There has been an increase of telemedicine options offered by providers, but it has not become universal. Not all patients have access to the necessary virtual platforms and some that do have expressed discomfort in receiving care over a digital device. As telemedicine advances, it may be an effective option for certain types of specialties. However, for more critical patients, those needing oncology treatments for example, visiting the office is unavoidable.
QR CODES – As an alternative “no-touch” approach, the utilization of QR codes has become more prominent. At the bottom of a digital wallboard or an exam room tablet, the patient can scan a QR code and view all the same information (including branded product display banners) from the safety of their personal device. This allows the patient to keep a safe level of distance and still participate in the interactive experience.
GEOTARGETING – Since patients are going back to their doctors’ offices, the option of geotargeting mobile devices has come into play. Some offices have reduced waiting room times by requiring patients to wait outside or in their cars before being brought back to the exam room. By geotargeting those priority offices, you can serve your brand’s message at the convenience of the mobile device. Some offerings can go as far as to layer on prescription data and HCP target lists to narrow down to the optimal patient targets. After the patient receives the initial message, there is an option to retarget and serve messages to their device at home or the pharmacy. This creates a surround sound message to the most valued patient targets.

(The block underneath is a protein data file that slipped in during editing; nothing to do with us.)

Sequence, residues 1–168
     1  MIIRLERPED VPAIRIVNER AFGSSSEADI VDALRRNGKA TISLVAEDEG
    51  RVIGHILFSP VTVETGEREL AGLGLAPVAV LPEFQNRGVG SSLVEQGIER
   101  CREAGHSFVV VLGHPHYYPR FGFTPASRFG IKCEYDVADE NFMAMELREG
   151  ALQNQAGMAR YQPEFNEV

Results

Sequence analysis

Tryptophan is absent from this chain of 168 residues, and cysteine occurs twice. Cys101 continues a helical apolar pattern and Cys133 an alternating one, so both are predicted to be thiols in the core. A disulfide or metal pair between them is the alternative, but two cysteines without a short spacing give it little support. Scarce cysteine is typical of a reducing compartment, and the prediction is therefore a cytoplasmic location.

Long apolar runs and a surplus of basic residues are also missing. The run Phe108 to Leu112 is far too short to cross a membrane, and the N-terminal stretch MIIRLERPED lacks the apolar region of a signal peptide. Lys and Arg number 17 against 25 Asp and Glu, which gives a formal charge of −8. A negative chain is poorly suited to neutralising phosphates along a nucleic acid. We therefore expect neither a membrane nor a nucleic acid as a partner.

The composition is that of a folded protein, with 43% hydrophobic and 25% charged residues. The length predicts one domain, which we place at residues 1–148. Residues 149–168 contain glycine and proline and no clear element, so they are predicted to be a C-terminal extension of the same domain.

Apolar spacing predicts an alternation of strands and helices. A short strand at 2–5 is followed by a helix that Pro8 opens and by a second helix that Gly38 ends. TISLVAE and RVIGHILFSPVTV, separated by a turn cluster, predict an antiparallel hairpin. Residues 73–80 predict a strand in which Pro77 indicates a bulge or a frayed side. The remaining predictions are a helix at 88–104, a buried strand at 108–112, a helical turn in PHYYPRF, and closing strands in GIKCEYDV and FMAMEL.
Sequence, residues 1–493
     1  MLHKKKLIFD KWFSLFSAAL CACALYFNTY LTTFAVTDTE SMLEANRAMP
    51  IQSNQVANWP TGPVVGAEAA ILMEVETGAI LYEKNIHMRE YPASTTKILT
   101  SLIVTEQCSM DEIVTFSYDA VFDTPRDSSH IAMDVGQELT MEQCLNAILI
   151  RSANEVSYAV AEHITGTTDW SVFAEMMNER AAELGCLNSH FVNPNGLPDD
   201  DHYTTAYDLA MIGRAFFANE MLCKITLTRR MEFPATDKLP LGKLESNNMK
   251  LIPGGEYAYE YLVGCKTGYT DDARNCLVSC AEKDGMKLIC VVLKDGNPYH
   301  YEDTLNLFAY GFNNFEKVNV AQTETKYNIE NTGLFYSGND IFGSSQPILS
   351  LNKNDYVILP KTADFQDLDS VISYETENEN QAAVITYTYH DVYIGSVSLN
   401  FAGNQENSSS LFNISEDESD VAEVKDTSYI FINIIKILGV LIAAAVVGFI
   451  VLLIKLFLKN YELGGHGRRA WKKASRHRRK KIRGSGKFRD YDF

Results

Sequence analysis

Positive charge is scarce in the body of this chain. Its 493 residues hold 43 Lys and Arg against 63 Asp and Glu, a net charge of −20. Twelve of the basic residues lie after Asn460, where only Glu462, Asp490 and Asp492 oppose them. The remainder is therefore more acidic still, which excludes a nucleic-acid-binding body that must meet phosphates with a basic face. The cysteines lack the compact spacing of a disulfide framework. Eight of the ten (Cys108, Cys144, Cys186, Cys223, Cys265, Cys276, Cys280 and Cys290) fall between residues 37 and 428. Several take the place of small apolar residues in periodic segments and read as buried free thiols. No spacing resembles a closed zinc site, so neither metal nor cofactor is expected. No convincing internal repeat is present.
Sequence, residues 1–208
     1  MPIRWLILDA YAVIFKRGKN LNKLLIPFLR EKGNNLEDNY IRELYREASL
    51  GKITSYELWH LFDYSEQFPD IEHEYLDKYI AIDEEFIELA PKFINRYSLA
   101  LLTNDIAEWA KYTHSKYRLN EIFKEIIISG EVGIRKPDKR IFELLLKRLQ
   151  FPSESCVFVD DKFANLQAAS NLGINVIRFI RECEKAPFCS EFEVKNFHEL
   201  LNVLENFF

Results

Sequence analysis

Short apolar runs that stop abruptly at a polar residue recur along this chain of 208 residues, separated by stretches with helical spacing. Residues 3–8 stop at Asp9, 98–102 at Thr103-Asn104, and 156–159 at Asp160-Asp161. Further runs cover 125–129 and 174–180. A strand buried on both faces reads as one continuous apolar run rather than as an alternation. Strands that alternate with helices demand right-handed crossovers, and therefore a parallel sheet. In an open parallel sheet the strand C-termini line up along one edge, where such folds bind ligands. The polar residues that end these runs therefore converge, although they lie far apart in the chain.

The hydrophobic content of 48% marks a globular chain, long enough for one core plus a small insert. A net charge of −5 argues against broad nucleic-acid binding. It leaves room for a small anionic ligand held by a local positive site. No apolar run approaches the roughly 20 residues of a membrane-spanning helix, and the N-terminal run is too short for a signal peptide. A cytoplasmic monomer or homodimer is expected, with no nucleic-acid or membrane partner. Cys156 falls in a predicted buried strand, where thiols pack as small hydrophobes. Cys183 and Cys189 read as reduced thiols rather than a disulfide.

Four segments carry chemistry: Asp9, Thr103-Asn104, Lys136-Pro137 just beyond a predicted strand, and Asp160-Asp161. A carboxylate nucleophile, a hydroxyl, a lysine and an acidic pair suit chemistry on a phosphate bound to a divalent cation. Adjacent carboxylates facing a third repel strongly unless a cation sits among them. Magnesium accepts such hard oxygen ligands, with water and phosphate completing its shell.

At the point of care there is an opportunity to integrate the brand’s message that both the patients and HCPs are receiving. As marketers, we provide HCPs the crucial information needed to serve their patients by reaching them via different vehicles and channels (in-office printed materials, digital and mobile ads). This allows HCPs to be armed with those product benefits, whether that be safety, efficacy or newly approved indications, as they treat patients and prepare to prescribe medications.
From the patient’s perspective, their health is top of mind as they come in for their appointment and at this moment, they are more apt to absorb messaging related to their condition. Moments before they go to visit their physician, brand messaging could be served while they are browsing a medical website on their phone or from waiting room displays or printed ads in the office. Some patients can be targeted with branded ads while they browse social media near the time of their visit (either while waiting in their cars outside of the office or at home in a digital telemedicine waiting room). By receiving brand messaging at this crucial time before their appointment, the patient is more likely to recall those ads and ask their doctor more information. The doctor would then have the correlating brand information in his or her arsenal, bringing the message integration full circle.
Overall, patients are cautiously getting back to their normal routines and visiting doctors’ offices in person. From a media perspective, there are still opportunities at the point of care to educate patients and HCPs alike on important brand features and benefits. Marketers will have to engage in new and innovative ways to spread a brand’s message. Agility and flexibility to changes in the environment are keys to success in uncertain times.